Eye For Film >> Movies >> Bent (1997) Film Review
Reviewed by: Owen Van Spall
Adapted from the stage play of the same name and helmed by theatre director Sean Mathias, Bent is a solid - though short and stagey - study of repression, love and identity that benefits from two good lead performances.
Clive Owen plays Max - a seemingly vapid party organiser in the decadent warehouse nightclub scene of Berlin during the early years of Nazi Germany. He regularly humiliates his lover and roommate, Rudy, always with the justification: "I'm a rotten person.” Frequently seen at the local industrial-tinged club owned by the androgynous maitre'd Greta, (a bizarre turn from Mick Jagger) Max wanders from one drug and alcohol fuelled encounter to encounter, seemingly uncaring that Germany is changing around him. After a tryst with a gay soldier from a Nazi militia 'SA' unit, Max and Rudy suddenly find themselves hunted by the Gestapo as Hitler moves to destroy his enemies within the Nazi party (many of whom are clearly not strangers to the tastes of the homosexual underworld).
Max finds his wealthy (and very closeted) uncle Freddie (Ian McKellen,who also appeared in the stage version), who has connections to assist him escape from Germany. Freddie is only able to acquire papers for Max, who, out of some odd feeling of loyalty to his dimwitted lover, refuses to leave. Captured and put on a train to Dachau, Max hides his homosexuality and pretends he is Jewish, believing it will mean avoiding worse treatment. Eventually, Max finds love, and the ability to accept who he is, in the person of openly gay captive Horst (Lothaire Bluteau).
Praised during its initial theatrical run for highlighting the plight of homosexuals under Nazi Germany, the continuing revelations over recent decades in print and on film of the nature of the Nazis have perhaps lessened Bent's impact when viewed today. Other films have trodden this ground before. The film also suffers in the second half from being somewhat claustrophobic and overly theatrical in its depiction of Dachau and the mindless tasks Max and Horst must endure (they are forced to literally move rock piles from one spot to another ad infinitum), though this section of the film packs the greater emotional punch.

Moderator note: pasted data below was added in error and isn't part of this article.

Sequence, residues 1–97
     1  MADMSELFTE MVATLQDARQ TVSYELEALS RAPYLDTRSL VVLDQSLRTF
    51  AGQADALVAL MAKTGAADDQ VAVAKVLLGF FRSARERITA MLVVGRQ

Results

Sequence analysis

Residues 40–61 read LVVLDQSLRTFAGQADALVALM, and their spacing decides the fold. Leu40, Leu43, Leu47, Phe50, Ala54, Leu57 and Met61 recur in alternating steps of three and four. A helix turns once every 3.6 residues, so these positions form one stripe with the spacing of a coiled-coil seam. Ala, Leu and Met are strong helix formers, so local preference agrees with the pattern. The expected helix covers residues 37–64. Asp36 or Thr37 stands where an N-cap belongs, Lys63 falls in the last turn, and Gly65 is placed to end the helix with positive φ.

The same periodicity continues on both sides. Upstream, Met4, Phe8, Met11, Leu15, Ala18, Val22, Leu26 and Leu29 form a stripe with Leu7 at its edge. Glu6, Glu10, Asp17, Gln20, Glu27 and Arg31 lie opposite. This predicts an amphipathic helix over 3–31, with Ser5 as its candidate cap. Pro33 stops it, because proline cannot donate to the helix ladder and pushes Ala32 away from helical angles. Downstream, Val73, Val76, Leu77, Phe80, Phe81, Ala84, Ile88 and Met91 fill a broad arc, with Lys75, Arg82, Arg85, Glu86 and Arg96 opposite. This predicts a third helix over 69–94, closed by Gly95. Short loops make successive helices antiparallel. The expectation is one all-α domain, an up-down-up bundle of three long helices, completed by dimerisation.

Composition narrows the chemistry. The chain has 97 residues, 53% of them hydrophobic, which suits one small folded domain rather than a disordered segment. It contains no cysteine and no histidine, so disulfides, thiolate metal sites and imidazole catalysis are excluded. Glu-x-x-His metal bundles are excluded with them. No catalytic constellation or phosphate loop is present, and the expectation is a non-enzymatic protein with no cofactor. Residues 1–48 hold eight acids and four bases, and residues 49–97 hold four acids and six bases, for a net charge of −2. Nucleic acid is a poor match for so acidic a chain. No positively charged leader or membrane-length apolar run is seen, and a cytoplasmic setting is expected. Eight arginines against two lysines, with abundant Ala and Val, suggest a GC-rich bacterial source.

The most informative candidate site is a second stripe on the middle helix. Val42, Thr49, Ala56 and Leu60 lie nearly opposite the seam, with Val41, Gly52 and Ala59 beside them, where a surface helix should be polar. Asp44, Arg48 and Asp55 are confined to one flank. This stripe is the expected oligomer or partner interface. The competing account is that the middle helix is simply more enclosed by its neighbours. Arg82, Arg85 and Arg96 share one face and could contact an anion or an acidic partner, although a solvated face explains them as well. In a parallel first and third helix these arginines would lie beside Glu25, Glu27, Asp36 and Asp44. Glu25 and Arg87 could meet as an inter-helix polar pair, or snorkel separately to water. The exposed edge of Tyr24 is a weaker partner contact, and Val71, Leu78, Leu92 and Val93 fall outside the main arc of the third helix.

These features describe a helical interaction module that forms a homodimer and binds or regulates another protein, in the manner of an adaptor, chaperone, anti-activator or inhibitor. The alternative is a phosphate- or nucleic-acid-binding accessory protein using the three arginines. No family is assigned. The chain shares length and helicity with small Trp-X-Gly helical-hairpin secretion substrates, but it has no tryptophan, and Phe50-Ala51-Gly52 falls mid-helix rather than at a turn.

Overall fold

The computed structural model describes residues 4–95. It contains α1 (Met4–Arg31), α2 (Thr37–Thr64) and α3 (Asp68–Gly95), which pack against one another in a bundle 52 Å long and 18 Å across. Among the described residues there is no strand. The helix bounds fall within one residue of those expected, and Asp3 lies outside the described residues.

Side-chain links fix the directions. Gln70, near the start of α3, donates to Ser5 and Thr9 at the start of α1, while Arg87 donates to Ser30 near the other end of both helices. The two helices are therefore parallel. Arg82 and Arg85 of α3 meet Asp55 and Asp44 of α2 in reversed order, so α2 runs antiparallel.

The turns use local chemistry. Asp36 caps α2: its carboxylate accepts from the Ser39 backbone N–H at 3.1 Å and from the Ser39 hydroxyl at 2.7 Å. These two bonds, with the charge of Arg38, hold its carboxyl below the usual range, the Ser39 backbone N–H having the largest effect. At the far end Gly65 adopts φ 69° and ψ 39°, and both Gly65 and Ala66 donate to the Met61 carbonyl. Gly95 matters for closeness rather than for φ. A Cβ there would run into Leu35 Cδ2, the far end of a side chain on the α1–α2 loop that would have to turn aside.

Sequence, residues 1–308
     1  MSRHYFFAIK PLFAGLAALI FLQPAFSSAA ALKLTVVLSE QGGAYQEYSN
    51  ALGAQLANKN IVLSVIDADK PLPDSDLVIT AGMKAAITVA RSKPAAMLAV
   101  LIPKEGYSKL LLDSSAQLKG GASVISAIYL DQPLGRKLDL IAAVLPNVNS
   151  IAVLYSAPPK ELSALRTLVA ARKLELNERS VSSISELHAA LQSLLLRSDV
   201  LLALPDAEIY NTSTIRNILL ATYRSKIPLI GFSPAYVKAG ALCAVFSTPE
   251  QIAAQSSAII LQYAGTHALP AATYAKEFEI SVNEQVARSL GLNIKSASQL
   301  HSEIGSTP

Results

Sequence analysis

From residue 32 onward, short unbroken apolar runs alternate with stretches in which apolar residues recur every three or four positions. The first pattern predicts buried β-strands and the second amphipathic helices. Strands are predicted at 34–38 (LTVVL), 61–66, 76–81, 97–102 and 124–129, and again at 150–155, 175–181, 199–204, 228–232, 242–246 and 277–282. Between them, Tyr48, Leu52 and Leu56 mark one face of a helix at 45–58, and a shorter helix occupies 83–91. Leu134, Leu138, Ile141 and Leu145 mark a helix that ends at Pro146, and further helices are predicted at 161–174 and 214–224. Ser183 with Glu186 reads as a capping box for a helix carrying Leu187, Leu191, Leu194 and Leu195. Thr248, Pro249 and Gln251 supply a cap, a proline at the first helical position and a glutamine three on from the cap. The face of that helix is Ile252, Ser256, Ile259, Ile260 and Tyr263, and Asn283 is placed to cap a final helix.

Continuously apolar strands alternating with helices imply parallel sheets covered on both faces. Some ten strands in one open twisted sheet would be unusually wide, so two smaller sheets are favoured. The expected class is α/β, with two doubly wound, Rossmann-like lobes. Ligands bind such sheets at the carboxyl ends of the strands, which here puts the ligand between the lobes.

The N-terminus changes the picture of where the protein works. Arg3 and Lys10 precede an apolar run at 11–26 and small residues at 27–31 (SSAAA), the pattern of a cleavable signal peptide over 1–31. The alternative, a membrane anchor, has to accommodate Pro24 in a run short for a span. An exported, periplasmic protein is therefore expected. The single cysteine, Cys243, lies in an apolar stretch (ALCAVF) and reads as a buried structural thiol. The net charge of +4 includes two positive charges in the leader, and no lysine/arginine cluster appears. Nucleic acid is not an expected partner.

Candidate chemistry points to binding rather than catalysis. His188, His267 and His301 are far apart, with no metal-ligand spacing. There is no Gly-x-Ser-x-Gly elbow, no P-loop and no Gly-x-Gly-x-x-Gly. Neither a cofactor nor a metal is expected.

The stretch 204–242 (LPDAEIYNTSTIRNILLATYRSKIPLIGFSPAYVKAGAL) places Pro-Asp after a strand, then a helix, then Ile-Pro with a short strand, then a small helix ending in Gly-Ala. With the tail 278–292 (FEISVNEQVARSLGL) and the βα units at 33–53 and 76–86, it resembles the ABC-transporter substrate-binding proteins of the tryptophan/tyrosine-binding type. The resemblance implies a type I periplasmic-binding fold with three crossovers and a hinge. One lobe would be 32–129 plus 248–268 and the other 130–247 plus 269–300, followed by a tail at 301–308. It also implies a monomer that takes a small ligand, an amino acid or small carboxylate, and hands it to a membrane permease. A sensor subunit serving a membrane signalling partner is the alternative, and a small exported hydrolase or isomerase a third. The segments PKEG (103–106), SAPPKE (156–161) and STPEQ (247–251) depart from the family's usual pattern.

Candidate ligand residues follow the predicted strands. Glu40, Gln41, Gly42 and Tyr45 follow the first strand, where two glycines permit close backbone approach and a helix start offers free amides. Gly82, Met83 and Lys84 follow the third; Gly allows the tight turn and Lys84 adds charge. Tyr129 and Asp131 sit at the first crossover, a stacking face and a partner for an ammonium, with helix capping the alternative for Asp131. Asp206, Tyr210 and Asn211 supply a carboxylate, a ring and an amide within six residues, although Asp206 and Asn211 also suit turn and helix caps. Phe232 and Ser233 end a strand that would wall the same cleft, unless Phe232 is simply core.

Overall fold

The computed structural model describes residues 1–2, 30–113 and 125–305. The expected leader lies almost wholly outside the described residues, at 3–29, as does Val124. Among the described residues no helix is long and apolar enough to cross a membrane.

The earlier scenes highlighting the decadent, corrupt, Cabaret-like atmosphere of Berlin during the early years of the Nazi regime are far more lively and intriguing. It is fascinating to see this underground gay scene continuing to blindly roll on under Nazi rule, a bubble world just waiting to be tragically burst having survived on the hypocrisy and blind eye of its rulers too long.
The film is also arguably not very technically sophisticated or stylistically consistent. It also seems too short, though this might be a limitation of the theatrical material. But these faults are compensated for by actors Owen and Bluteau, who essentially carry the film alone for its second half. In particular one scene stands out - surely one of the most unusual lovemaking moments ever shot; an act without any physical touching or even exchange of looks between them given the scrutiny of their guards. Writing and acting of this calibre help elevate Bent into a far more effective tribute to the human spirit than it might otherwise have been.Reviewed on: 14 Sep 2010
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